How the gig culture brings the most valuable experience to construction claims
In a conversation recently about one of the leading management consultancies in the UK, an employee discussed their career plans. Now in their 40s and doing well for the company in question, he openly and acceptingly discussed the fact that the business he had devoted so many years to didn’t like to keep employees over the age of 50. He was planning his inevitable next steps. How they managed to make this happen without some healthy lawsuits coming their way is left to the imagination, but it seems to us that this company is missing a trick.
One of the things that we know to be true is that while we may not live in a culture that values age, there is very little substitute for experience. Especially when it comes to successfully handling construction claims. The most intelligent amongst us may bring fantastic ideas to the table, but that’s only part of what goes into achieving positive outcomes for clients.
It’s a potent combination of:
- Professional knowledge
- And empathy
From qualifications to emotional intelligence
In the first instance, of course you need professional knowledge and qualifications to deal in construction claims effectively. For example, our Executive Director and Former Chairman Bob Jervis, is head of Tungsten Capital’s Expert Witness division. He is a quantity surveyor. He is author of a number of notable publications, specialist studies and reports for industrial and public sector clients. And he sits as the Chairman of the RICS Professional Assessment Committee.
For all the knowledge in the world however, you have to know how to use it. To a greater or lesser extent, that means having experience. We all know that just because something makes sense on paper doesn’t mean it’s going to work out in real life. Experience is how you develop skill.
Then there’s the human component. In construction claims, much is about fact. Keeping good records. Project management. Documentation. All these things are vital. However, there are also a lot of intangibles, especially as a lot of those practical things we just mentioned are invariably not done very well to begin with.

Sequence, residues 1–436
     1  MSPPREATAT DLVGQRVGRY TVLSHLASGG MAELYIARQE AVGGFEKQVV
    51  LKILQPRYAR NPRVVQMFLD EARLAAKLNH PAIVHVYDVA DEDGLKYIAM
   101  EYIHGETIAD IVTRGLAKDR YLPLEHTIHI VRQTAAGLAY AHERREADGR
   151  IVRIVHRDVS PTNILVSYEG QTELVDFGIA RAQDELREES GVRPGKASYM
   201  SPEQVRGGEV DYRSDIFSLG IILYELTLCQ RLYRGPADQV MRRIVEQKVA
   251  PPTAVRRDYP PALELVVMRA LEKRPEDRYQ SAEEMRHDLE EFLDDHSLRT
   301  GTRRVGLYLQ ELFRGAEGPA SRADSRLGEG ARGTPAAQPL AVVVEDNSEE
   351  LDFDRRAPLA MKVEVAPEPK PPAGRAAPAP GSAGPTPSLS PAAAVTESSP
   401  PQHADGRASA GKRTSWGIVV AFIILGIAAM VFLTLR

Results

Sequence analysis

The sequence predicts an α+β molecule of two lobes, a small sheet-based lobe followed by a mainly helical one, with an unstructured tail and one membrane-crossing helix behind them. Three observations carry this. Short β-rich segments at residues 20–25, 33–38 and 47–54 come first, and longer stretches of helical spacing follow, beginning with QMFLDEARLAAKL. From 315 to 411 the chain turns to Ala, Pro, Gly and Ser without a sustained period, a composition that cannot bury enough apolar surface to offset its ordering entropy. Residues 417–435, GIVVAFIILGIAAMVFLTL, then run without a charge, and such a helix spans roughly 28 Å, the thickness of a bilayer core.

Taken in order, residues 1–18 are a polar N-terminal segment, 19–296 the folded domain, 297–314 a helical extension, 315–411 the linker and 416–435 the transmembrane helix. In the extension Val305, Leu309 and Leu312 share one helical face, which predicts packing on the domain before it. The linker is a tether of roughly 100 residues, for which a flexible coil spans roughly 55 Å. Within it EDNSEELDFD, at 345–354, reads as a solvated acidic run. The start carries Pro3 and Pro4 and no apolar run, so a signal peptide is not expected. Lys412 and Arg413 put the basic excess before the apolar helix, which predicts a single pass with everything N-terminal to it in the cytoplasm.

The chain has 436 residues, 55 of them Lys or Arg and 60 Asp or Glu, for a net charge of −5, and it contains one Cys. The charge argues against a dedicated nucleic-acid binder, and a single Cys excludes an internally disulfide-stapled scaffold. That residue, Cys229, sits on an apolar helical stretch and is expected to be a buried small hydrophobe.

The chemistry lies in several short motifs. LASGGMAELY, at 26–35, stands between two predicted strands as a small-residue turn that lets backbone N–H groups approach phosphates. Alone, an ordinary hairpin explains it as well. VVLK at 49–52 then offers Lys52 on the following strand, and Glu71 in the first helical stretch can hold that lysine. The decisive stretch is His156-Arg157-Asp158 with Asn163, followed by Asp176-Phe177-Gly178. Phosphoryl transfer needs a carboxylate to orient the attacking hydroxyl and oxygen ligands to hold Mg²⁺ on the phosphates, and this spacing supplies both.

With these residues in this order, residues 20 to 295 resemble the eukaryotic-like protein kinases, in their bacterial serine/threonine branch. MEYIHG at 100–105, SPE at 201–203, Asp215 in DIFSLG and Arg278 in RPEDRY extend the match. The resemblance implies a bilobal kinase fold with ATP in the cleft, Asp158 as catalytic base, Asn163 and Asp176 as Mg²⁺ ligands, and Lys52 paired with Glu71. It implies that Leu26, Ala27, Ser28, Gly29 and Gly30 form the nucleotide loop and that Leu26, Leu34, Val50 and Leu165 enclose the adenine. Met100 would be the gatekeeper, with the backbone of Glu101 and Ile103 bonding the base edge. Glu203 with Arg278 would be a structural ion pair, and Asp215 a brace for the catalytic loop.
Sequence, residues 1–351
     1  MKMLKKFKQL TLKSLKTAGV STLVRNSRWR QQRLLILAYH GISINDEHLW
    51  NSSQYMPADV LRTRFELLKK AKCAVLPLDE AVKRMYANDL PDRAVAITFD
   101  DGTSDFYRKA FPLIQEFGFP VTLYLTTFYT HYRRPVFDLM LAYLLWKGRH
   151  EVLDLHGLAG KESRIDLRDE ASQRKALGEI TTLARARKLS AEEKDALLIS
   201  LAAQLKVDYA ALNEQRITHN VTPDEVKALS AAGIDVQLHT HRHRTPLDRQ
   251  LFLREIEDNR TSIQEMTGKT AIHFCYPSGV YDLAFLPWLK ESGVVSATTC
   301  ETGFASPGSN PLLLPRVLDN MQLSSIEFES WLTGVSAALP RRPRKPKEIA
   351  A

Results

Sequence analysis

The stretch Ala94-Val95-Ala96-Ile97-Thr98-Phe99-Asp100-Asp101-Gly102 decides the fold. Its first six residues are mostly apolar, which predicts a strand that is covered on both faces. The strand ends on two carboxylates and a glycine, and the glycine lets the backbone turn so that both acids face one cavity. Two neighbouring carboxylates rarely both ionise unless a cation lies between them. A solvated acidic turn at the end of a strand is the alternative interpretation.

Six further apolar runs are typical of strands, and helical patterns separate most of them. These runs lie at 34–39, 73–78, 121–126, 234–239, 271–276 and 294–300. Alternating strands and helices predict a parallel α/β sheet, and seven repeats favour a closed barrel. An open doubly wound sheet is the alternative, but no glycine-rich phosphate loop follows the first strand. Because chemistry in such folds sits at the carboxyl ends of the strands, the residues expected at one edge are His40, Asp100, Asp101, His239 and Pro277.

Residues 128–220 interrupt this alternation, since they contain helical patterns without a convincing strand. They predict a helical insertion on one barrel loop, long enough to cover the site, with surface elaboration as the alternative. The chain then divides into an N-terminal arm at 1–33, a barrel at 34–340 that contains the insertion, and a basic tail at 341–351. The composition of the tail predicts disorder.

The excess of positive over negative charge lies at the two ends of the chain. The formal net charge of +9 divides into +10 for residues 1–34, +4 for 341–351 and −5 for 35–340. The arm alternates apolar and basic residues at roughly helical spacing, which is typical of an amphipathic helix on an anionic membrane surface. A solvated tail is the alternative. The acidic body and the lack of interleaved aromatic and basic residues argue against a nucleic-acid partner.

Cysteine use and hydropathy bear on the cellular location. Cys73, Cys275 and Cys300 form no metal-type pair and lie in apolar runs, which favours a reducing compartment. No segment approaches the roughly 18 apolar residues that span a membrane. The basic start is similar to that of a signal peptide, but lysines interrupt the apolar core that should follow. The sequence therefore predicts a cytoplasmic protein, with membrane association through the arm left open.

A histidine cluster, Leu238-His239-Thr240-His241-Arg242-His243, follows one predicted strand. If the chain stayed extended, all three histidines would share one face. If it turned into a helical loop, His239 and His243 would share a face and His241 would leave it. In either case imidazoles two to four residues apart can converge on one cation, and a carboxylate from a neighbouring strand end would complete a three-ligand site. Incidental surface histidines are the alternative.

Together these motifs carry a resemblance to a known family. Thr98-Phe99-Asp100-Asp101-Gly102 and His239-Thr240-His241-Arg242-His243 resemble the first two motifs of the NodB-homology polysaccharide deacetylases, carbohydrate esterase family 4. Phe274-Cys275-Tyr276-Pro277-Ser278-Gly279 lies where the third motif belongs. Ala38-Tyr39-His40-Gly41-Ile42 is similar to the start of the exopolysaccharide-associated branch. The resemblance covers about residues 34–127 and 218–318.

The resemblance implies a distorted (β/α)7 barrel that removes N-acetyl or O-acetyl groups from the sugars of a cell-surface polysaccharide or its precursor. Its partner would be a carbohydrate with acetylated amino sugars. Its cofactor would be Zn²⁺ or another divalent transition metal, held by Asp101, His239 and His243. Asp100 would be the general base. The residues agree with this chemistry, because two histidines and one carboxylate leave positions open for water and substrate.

Perhaps the least tangible, and most overlooked, element is the emotion that goes with a construction claim. For those at the coalface of a claim, it can be extremely worrying and anxiety making. That’s usually where relationships break down, building works stop and costs spiral from the fallout of further delays.
Work with the best
The combination of professional skillset and human empathy is something of a unicorn in any professional field. On balance, it’s best honed over time. This is where Tungsten Capital has always prioritised having the best on its team. For us, the best means people who combine all these things, and who are motivated because they enjoy what they do and how they work.
So, many members of our team are the consultants who are in their ‘third careers’. They’ve seen it, done it, got the t-shirt. Nothing surprises them, and nothing daunts them. They are skilled, empathetic and highly experienced. They work on claims as they choose to, and are an invaluable support for clients. Then they enjoy more time for themselves when they want to as well.
Of course, this is all combined with the latest in technology and project management, but in construction claims, that’s not enough. The bottom line is about experience, skill and empathy, and dare we say it, we’re experts at finding unicorns.